Protecting Your Digital Assets with a Revocable Trust
By Sofia Ziegler, Manager, Marcum Family Office
The digital transformation of our world has increasingly integrated content and experience, and in doing so has created the most mercurial of assets. The definition of a digital asset is changing as quickly as technology evolves, the one constant being the right of use. Even the social media applications that have become integral to our daily lives may contain proprietary information. Consequently, protecting and passing along information tied to your digital assets is now more crucial than ever before.
Information you store within online services may belong to you as a digital asset now, but without licensure these assets will often revert back to the technology company upon your passing. Since property under a will must be wholly held by the author of the will, information that is in part owned by a third party, such as a cloud-based storage server, would not be considered transferable through a will since it is not solely the author’s property to transfer. Additionally, platforms holding digital assets often have internal requirements to pass account access to a designated individual.
Protecting Your Digital Assets
Examples of digital assets currently include:
- Virtual currencies / cryptocurrency
- Non-fungible tokens (NFTs) / Crypto art
- Social media and email accounts
- Digital intellectual property (copyrights or trademarks)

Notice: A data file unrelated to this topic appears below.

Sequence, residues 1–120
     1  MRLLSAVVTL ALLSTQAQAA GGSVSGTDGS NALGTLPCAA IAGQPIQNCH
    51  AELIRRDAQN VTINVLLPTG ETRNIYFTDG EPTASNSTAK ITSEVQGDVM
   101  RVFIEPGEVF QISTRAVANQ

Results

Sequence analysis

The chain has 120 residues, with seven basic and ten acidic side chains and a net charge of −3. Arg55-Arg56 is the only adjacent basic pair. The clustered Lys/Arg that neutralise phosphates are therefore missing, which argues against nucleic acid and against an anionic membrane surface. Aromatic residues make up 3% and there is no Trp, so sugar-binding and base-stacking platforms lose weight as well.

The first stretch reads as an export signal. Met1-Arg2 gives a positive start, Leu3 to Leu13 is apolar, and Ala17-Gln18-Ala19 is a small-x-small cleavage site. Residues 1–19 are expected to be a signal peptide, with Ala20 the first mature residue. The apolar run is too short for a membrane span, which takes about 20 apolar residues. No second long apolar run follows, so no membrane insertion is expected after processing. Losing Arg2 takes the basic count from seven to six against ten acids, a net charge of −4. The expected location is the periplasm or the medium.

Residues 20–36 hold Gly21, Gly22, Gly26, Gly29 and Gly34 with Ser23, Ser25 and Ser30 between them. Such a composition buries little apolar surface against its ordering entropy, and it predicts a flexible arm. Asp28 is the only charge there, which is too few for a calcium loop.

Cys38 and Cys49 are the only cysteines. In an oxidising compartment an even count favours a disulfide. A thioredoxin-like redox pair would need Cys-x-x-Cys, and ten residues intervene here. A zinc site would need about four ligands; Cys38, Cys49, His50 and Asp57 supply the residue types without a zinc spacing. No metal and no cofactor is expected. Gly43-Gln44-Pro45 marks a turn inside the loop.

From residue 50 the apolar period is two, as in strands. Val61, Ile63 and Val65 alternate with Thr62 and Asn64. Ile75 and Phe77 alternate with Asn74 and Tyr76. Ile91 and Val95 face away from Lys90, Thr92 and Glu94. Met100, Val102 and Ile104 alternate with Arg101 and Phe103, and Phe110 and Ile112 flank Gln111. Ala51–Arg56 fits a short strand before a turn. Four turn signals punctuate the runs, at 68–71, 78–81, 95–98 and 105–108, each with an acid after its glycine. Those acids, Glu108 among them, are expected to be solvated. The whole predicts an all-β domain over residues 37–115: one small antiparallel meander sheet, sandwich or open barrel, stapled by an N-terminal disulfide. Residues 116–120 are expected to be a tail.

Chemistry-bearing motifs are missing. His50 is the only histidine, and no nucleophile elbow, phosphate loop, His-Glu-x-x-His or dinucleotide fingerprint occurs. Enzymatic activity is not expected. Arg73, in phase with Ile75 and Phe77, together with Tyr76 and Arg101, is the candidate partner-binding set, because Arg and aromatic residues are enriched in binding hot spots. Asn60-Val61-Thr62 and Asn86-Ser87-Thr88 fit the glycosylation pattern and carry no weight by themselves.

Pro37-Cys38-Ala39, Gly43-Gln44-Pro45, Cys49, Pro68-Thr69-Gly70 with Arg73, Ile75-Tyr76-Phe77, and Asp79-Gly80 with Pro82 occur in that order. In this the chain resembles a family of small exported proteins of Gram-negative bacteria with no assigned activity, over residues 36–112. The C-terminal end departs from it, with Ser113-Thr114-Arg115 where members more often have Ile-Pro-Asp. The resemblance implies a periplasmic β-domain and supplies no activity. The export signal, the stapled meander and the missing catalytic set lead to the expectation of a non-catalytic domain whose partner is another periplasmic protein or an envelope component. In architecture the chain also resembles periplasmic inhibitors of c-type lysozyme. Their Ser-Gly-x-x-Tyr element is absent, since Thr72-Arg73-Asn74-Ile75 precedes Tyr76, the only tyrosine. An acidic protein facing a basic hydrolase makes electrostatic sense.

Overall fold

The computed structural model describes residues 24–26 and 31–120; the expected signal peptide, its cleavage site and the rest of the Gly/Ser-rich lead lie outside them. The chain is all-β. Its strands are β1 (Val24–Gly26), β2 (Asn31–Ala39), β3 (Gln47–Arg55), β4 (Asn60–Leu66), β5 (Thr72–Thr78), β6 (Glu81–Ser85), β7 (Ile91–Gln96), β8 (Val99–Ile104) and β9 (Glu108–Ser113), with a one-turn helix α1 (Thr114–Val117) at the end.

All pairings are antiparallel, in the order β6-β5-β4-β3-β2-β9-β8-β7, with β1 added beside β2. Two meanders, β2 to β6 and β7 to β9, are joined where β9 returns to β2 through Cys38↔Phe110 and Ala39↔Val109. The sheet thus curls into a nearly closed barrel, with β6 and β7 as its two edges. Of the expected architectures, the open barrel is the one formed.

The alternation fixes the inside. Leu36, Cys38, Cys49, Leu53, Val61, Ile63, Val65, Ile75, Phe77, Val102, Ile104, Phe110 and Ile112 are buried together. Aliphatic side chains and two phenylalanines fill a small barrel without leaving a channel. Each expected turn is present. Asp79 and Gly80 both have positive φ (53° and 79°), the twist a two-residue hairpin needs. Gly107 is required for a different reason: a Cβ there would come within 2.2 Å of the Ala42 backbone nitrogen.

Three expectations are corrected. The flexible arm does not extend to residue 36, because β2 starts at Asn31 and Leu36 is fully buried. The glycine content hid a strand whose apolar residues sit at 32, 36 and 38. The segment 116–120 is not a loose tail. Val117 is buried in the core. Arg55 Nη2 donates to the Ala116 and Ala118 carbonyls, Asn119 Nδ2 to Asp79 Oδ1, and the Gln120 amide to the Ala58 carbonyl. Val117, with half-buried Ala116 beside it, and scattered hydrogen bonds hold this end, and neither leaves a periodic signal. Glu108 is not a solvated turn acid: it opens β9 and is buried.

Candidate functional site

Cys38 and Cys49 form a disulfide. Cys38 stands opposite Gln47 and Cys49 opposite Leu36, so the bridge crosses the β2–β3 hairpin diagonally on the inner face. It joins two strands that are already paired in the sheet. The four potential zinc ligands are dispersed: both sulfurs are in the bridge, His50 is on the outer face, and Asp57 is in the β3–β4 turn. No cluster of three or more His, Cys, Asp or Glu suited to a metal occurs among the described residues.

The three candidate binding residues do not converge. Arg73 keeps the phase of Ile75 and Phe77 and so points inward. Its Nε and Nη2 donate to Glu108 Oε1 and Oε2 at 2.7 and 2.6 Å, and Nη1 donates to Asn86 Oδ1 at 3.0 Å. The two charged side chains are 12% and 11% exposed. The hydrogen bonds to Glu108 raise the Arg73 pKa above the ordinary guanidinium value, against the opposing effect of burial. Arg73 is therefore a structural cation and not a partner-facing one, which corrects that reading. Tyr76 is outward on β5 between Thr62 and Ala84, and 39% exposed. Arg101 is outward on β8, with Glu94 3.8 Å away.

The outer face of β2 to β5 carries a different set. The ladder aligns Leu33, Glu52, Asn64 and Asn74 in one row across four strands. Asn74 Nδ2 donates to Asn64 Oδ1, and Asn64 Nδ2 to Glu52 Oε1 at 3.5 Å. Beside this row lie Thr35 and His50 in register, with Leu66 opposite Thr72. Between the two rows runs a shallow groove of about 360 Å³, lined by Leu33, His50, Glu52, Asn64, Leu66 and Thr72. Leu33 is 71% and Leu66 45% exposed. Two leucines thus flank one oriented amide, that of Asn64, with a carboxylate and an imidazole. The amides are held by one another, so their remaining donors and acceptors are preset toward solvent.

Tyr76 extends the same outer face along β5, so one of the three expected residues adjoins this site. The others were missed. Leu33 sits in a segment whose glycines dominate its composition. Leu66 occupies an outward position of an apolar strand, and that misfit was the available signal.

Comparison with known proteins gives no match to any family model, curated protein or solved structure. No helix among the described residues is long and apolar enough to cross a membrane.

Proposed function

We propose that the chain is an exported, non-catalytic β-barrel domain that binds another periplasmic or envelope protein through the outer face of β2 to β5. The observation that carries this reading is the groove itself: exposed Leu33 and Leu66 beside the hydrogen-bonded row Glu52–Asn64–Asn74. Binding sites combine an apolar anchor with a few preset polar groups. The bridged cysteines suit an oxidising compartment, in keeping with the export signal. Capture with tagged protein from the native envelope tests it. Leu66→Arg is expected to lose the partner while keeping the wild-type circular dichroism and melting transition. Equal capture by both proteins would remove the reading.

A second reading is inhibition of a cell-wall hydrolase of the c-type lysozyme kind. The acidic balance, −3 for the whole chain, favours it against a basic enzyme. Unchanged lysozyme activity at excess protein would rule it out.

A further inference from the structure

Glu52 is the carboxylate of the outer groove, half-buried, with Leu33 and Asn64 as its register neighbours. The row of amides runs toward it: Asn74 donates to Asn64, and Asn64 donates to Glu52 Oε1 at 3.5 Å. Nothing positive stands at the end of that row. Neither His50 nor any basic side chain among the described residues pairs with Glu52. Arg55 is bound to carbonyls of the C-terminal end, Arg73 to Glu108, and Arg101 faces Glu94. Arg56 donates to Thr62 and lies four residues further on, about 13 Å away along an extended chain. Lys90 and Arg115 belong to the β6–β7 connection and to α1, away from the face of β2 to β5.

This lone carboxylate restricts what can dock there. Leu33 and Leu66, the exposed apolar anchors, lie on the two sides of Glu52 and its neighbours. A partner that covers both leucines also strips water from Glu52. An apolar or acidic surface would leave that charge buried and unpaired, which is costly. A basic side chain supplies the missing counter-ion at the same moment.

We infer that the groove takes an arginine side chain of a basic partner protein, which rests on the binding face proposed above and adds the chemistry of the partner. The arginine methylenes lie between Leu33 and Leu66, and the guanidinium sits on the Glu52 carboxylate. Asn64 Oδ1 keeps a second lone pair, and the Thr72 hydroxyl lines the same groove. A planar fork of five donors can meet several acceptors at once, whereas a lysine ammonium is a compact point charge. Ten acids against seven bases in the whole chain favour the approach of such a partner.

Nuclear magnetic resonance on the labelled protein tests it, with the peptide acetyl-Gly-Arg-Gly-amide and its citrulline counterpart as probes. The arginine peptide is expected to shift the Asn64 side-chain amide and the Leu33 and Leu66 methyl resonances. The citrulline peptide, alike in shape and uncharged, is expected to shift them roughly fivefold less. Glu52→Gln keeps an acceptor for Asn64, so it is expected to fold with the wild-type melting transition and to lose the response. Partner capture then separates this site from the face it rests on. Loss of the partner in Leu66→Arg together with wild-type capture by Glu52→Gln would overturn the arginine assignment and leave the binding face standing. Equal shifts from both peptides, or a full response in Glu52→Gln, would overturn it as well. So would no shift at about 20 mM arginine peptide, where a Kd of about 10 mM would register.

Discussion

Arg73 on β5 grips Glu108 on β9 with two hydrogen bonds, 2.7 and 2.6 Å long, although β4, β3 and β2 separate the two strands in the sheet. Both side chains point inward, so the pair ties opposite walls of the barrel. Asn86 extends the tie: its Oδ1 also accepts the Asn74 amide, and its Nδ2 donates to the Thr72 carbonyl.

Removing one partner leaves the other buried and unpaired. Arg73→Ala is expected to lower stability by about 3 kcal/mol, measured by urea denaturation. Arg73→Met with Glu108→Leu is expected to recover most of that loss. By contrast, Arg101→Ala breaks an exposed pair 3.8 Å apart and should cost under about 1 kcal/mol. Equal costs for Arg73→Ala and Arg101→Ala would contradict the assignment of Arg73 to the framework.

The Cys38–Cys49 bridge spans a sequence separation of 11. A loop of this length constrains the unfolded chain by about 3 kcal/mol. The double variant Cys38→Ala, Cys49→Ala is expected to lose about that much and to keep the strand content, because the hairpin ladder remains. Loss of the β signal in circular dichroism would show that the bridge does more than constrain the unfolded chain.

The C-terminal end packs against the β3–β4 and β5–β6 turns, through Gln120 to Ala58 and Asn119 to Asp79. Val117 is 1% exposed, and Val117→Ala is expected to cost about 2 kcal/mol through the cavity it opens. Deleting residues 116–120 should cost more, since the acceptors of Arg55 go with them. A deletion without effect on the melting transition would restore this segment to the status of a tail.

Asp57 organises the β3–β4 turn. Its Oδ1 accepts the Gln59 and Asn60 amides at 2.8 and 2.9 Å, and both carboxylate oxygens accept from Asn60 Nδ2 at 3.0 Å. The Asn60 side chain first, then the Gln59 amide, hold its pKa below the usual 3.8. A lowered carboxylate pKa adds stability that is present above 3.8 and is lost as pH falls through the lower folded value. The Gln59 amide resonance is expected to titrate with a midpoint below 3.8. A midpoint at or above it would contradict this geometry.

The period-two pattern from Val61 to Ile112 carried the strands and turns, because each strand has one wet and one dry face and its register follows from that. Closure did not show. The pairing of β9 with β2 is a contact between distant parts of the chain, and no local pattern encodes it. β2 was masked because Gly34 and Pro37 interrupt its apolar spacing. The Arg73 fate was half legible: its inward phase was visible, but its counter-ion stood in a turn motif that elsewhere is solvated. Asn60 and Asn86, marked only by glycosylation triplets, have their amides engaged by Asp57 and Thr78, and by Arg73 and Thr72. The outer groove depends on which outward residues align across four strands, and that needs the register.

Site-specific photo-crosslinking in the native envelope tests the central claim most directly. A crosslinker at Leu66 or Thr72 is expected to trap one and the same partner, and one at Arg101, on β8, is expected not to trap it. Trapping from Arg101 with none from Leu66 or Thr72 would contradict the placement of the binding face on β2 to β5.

- Photos, videos, or written works that produce income
- Multimedia libraries (digital music, books, and images)
- Domain names
- Photographs, records (medical or financial), and documents stored online (i.e., Google Docs, Dropbox, ShareFile, Flickr, etc.)
- Media and content published online (i.e., websites, blogs)
- Virtual financial and intellectual property held in online games (i.e., Minecraft, Fortnite, Call of Duty, etc.)
- Loyalty program benefits
This list continues to expand as the reach of digital assets grows, so it is important that the documents associated with your digital assets are continuously updated.
Holding your digital assets in a revocable trust can be an attractive option since, with the assistance of a trust and estates attorney, it can be easily updated as frequently as needed. Updates can be as small as a password change or as large as the acquisition of new assets, such as an NFT.
In order to establish the basis of the trust, ownership of your digital assets must be transferred to a license, which is then placed into the trust and managed as digital property. Prior to establishing a revocable trust to house your digital assets, consider the following questions:
- What digital assets do you own? Do you share ownership?
- Do you have detailed information about and access to all of your digital assets?
- Are any of the companies where your digital assets are held based overseas?
- Who currently has access to your digital assets? Who will or will not have access to your digital assets upon your death? Should certain assets be deleted upon death?
- Do you have an information vault (personally or through an advisor) where you can store digital asset access information?
It is critical to ensure you have a structured digital asset plan in place. This planning includes understanding of how your assets may be properly secured and how they could be effected across multiple tax scenarios.
Marcum’s Family Wealth Services team is available to discuss how your digital assets fit into your family portfolio and assist with establishing a revocable trust to protect them.